If Modi could scratch Oli’s back, so did Oli on Modi’s back. This is a diplomatic gamble of two powerful personalities of Nepal and India
Indian Prime Minister Narendra Modi came to Nepal on a third visit on May 11 with a new diplomatic gamble. There were more incredulous surprises in this trip than ever heard in our land. Thanks to the network development in international communication, he targeted the Hindu electoral constituency in Karnataka, a central state in India, then voting for its state assembly.
By worshipping and prostrating before Goddess Janaki in Janakpur, God Muktinath in Mustang district and Lord Pashupatinath in Kathmandu, he helped his BJP to emerge as the biggest party in the hustling. He was even censured by the opposition for alleged violation of the election code as it coincided with the silent hours, proceeding the polling day. Modi is facing general election next year and wants to prop up his image by improving India’s relations with its neighbors. The Nepal visit is considered as an outcome of this political strategy.
What is more incredulous is the fact that Prime Minister KP Sharma Oli obliged his Indian guest on this mission to fulfill his objectives. He played as a great host to a religious pilgrim by donning a yellow robe to match his guest’s outfit and spiritual mood of the occasion at the Janaki temple. At the official talks subsequently held in Kathmandu he played the national agenda at a low key note to embarrass his visitor, who had his electoral stakes in India in mind. However, he did not miss to tell his audience in Nepal that he raised all matters of concern to the people of Nepal. The outcome however remained nebulous and far-fetched.
Still more disbelieving is the doubt cast on his nationalistic character. Oli acted as a good host as a quid pro quo to Modi for what he did to catapult Oli to the height of popularity. Modi took the risks of imposing economic blockade on Nepal in 2015 with the intention of, inter alia, promoting Oli. Since Oli as the then Prime Minister resisted the Indian pressure on constitutional issues, he succeeded, as premeditated, in bagging biggest support in Nepal paving the way for his second stint. If Modi could scratch Oli’s back, so did Oli on Modi’s back. This is a diplomatic gamble of two powerful personalities of Nepal and India unfolding as testified by the third Nepal visit.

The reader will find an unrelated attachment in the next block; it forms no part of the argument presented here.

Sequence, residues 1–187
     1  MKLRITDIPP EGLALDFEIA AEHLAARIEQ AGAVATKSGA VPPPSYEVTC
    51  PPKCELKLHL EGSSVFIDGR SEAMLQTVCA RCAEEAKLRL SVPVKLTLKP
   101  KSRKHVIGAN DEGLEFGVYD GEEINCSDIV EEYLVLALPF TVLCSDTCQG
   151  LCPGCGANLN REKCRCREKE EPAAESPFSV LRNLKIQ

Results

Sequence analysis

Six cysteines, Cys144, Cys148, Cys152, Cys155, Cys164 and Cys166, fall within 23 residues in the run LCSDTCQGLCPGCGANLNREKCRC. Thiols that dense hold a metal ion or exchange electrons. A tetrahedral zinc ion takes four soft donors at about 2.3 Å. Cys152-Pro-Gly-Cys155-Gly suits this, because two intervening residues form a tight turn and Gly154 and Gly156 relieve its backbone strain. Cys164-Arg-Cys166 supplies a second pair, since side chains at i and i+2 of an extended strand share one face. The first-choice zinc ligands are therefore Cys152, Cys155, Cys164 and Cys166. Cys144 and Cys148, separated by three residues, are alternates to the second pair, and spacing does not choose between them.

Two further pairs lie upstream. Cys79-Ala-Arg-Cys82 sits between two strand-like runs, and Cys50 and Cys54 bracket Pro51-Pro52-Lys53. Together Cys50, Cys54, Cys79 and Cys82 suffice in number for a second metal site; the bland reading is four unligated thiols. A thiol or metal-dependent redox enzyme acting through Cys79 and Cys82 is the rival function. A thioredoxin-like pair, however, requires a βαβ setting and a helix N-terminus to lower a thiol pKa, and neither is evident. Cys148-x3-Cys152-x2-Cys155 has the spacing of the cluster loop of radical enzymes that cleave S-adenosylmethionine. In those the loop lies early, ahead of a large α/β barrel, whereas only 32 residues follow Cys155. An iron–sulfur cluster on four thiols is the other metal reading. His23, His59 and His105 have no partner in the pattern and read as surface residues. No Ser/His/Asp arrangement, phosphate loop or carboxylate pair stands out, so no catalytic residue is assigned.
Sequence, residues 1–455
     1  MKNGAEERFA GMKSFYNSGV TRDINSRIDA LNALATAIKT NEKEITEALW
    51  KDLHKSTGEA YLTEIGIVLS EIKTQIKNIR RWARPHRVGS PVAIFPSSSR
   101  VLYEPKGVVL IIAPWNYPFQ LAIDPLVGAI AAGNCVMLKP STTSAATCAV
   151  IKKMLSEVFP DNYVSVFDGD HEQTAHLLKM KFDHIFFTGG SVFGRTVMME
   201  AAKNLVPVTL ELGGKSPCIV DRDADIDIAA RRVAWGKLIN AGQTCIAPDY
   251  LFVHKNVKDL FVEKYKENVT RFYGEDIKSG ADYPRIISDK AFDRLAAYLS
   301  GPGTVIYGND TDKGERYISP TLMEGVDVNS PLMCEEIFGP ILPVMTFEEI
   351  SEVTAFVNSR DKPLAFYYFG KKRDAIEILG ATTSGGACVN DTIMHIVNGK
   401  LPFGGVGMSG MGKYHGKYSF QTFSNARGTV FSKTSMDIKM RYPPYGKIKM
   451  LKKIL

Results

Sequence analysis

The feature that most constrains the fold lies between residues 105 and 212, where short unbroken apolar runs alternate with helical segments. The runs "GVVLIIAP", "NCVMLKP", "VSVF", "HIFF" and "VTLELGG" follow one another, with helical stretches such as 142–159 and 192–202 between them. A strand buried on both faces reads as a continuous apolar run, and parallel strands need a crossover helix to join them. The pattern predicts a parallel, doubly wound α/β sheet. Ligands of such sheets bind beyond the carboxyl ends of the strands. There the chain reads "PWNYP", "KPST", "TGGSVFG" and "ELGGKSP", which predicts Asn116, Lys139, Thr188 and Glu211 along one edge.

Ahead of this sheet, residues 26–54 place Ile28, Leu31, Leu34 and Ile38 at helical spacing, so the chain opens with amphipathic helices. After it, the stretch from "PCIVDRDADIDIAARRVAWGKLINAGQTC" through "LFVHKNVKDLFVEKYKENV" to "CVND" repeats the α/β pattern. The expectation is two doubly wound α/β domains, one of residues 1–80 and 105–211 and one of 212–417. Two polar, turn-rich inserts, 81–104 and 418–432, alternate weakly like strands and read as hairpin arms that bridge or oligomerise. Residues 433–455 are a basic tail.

One may recall the events in Sikkim in the lead up to its merger with India. Before merging with India, Lendup Dorje was immensely helped by India to build up his image as a democrat and liberator. Once he attained his political clout with overwhelming support in the national assembly, he passed the resolution to merge with India.
In our case, it was dubious why the government announced the termination of the direct assistance from the embassies to any Nepali organization. However, 24 hours after such a firm resolution, the new government headed by Oli knelt down by granting an exception to the Indian embassy, which tops the list to extend up to Rs 50 million to any agency, organization or entity in Nepal on its discretion. It was astounding to know that the amount so donated would be included in the official budget of the government. It implies that the Indian embassy in Kathmandu enjoys the role of one of the implementation agencies of the financial outlays of the government.
Equally questionable is the provision of developing waterway connectivity with India, as announced in the joint communiqué issued during Oli’s visit to India in April. First, he had specifically made it clear prior to this visit that he would not enter into any fresh agreement with India, which he did. Second, a waterway is not in the immediate priority for Nepal. Third, a waterway demands regular supply of water in the river, which is possible only after building high dams in the mountains of Nepal. At a time when the Koshi high dam is facing widespread criticism in Nepal, it is difficult to digest how a nationalist leader, as Oli is dubbed, could accept a proposition designed to cover up the real intention underlying it.
The same logic applies to the agreement relating to railway connection up to Kathmandu. Oli had never spelt out its possibility in any of his public utterances before he made a surprise commitment to it. Indian railway is a counter to Chinese railway that he adeptly sold as a dream to the Nepali voters. Not that the Indian railway connection is bad in itself, but it is feared to sideline the fast track Nepal decided to build on its own within a couple of years, not to speak of undermining the much-anticipated Chinese railway connection. What was inconceivable is exposition of our leader who controls the reign of government breaking his own words of promise to the people. These are some of the evidences that stand to uphold Prime Minister Oli acting on a new diplomatic gamble by taking the Nepali people for a ride.